Respiratory and cardiovascular actions of orexin-A in mice.
ABSTRACT Ample evidence has been reported to show a probable contribution of orexin in the central cardiovascular regulation. Although cardiovascular and respiratory centers in the brain are located close to each other and are interconnected, the possible participation of orexin in respiratory regulation has not been fully documented. Here we examined the effects of intracerebroventricular administration of orexin-A on respiratory and cardiovascular parameters in urethane-anesthetized mice. Respiratory frequency and tidal volume were recorded simultaneously with blood pressure and heart rate. Orexin-A (0.003-3 nmol in 2 microL) or vehicle was administered into the lateral ventricle or cisterna magna. Lateral ventricular administration induced a rise in respiratory frequency (by 11% at the highest dose), tidal volume (76%), blood pressure (13%) and heart rate (6%) in a dose-dependent manner. With intracisternal administration, however, respiratory frequency did not change while a similar increase in tidal volume (75%) was observed. A relatively larger cardiovascular response was elicited with intracisternal administration (blood pressure 26%, heart rate 9%). On the other hand, with either administration route, orexin-A did not affect reflex increases in respiratory frequency and tidal volume in response to hypoxia and hypercapnia. These results show possible participation of orexin-A not only in the cardiovascular regulation but also in the respiratory control system. Moreover, orexin can affect the cardiorespiratory control system at multiple sites in different ways. Orexin-A seems not to be involved in respiratory reflex regulation in mice at least under anesthetized condition.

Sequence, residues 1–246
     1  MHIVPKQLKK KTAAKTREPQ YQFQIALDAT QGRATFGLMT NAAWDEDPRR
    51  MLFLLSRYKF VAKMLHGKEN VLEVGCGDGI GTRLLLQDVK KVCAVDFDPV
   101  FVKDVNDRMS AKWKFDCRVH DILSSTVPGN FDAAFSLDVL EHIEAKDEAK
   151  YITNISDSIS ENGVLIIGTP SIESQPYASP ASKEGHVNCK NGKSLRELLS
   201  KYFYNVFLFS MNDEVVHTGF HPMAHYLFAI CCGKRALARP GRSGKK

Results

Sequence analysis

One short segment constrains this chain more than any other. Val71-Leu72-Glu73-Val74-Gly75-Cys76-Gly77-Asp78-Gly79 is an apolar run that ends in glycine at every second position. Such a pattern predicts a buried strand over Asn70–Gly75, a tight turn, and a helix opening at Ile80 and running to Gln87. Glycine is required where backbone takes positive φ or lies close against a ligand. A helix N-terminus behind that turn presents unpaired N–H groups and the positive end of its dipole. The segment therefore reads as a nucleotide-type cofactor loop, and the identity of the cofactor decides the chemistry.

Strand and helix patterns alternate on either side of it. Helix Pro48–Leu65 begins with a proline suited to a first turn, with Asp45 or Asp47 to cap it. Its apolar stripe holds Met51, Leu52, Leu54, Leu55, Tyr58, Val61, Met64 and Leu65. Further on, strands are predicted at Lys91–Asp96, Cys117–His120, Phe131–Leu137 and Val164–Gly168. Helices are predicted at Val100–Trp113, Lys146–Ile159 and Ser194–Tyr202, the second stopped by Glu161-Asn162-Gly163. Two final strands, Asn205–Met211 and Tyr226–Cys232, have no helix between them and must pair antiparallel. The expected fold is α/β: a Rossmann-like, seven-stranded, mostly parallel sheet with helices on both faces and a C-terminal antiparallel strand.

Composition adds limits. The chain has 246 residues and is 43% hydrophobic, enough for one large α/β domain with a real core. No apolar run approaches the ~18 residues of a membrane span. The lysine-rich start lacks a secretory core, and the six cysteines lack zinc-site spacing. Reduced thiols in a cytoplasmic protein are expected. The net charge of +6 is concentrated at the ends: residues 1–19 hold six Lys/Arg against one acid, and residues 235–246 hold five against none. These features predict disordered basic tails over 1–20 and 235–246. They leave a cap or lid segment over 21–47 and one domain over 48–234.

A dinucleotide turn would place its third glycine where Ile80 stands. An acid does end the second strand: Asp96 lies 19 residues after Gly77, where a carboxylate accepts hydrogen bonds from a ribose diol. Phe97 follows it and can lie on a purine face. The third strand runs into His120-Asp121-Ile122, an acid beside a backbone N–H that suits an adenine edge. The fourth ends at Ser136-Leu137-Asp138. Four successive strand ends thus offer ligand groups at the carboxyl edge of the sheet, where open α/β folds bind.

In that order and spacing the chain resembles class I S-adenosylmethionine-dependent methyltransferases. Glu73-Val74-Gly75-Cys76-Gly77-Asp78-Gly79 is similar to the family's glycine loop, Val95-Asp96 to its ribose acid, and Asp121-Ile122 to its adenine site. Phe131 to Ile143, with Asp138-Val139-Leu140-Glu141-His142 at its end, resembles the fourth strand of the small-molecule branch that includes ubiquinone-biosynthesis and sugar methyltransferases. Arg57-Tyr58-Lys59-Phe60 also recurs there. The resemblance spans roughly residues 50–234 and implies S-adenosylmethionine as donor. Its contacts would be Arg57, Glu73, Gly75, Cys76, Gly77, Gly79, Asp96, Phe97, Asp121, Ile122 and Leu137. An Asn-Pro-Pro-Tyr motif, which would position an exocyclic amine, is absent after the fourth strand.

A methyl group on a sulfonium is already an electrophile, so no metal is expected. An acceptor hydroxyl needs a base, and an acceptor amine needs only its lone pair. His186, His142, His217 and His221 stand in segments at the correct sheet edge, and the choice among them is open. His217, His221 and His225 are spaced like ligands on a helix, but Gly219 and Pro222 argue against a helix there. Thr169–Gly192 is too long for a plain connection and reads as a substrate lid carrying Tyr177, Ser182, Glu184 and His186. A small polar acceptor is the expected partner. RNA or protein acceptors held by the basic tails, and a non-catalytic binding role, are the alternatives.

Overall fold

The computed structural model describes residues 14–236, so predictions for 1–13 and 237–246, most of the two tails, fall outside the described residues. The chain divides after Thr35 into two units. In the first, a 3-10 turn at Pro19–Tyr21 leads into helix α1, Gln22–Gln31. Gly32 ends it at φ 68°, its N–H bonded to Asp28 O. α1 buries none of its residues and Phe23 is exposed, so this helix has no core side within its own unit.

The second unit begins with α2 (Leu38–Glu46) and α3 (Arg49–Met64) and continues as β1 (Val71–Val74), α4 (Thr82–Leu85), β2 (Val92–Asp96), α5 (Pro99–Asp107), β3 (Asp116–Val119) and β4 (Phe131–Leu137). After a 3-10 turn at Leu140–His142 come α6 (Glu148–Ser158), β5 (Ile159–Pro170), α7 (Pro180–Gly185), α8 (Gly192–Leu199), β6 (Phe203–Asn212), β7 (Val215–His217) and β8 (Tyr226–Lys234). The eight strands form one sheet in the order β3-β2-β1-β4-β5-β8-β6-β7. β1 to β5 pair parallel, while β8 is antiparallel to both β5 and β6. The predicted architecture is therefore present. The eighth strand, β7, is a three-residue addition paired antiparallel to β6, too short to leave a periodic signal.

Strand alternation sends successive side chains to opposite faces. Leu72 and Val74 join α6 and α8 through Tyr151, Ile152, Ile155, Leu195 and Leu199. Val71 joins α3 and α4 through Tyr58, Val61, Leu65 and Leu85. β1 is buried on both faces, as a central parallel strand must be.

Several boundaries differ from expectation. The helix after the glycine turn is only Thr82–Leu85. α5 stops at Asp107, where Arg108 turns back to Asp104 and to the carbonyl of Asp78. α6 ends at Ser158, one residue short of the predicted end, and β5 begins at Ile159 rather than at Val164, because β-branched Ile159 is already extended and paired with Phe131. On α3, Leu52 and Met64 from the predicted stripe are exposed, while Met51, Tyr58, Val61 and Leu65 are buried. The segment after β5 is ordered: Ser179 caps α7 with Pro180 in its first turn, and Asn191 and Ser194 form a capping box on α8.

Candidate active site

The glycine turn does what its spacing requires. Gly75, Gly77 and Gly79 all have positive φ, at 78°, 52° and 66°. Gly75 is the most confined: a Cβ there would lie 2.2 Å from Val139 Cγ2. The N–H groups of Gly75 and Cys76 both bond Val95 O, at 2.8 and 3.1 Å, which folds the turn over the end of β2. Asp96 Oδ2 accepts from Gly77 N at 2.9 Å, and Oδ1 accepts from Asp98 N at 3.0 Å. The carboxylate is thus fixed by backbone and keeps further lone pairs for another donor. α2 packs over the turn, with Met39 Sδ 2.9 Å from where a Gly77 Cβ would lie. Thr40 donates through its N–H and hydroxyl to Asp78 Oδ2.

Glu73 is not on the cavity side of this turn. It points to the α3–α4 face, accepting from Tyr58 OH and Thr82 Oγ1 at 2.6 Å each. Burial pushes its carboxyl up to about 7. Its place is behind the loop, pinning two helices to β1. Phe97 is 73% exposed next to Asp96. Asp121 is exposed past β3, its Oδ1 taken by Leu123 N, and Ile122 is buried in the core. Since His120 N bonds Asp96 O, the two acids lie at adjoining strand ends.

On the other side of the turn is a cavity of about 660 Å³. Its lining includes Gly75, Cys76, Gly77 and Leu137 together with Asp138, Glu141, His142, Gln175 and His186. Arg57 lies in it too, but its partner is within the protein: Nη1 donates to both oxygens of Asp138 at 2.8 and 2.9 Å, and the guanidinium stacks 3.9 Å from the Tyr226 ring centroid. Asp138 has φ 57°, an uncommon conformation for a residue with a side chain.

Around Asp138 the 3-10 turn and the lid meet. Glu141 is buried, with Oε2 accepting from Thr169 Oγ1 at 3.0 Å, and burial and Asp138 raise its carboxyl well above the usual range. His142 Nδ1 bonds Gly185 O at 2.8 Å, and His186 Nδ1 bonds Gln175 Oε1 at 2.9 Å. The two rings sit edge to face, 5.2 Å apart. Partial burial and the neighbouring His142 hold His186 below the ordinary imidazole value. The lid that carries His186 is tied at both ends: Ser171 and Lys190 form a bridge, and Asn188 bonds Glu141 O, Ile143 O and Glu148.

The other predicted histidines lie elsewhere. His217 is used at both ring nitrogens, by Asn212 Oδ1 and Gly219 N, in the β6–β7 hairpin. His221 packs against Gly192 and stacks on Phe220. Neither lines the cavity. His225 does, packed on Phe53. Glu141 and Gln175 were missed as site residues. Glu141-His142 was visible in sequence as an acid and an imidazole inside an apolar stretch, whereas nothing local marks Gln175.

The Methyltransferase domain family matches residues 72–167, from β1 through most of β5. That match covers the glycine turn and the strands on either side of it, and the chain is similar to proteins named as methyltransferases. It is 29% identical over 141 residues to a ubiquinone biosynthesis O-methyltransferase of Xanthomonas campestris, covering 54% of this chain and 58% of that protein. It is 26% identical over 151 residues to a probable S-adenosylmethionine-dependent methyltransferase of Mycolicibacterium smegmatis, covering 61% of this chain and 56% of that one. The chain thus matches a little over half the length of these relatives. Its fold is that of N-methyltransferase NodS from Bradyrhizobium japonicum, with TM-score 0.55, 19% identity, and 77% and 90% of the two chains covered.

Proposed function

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ABSTRACT: Orexin/hypocretin peptide mutations are rare in humans. Even though human narcolepsy is associated with orexin deficiency, this is only extremely rarely due to mutations in the gene coding prepro-orexin, the precursor for both orexin peptides. In contrast, coding and non-coding variants of the OX1 and OX2 orexin receptors have been identified in many human populations; sometimes, these have been associated with disease phenotype, although most confer a relatively low risk. In most cases, these studies have been based on a candidate gene hypothesis that predicts the involvement of orexins in the relevant pathophysiological processes. In the current review, the known human OX1/HCRTR1 and OX2/HCRTR2 genetic variants/polymorphisms as well as studies concerning their involvement in disorders such as narcolepsy, excessive daytime sleepiness, cluster headache, polydipsia-hyponatremia in schizophrenia, and affective disorders are discussed. In most cases, the functional cellular or pharmacological correlates of orexin variants have not been investigated-with the exception of the possible impact of an amino acid 10 Pro/Ser variant of OX2 on orexin potency-leaving conclusions on the nature of the receptor variant effects speculative. Nevertheless, we present perspectives that could shape the basis for further studies. The pharmacology and other properties of the orexin receptor variants are discussed in the context of GPCR signaling. Since orexinergic therapeutics are emerging, the impact of receptor variants on the affinity or potency of ligands deserves consideration. This perspective (pharmacogenetics) is also discussed in the review.Frontiers in Neuroscience 01/2014; 8:57.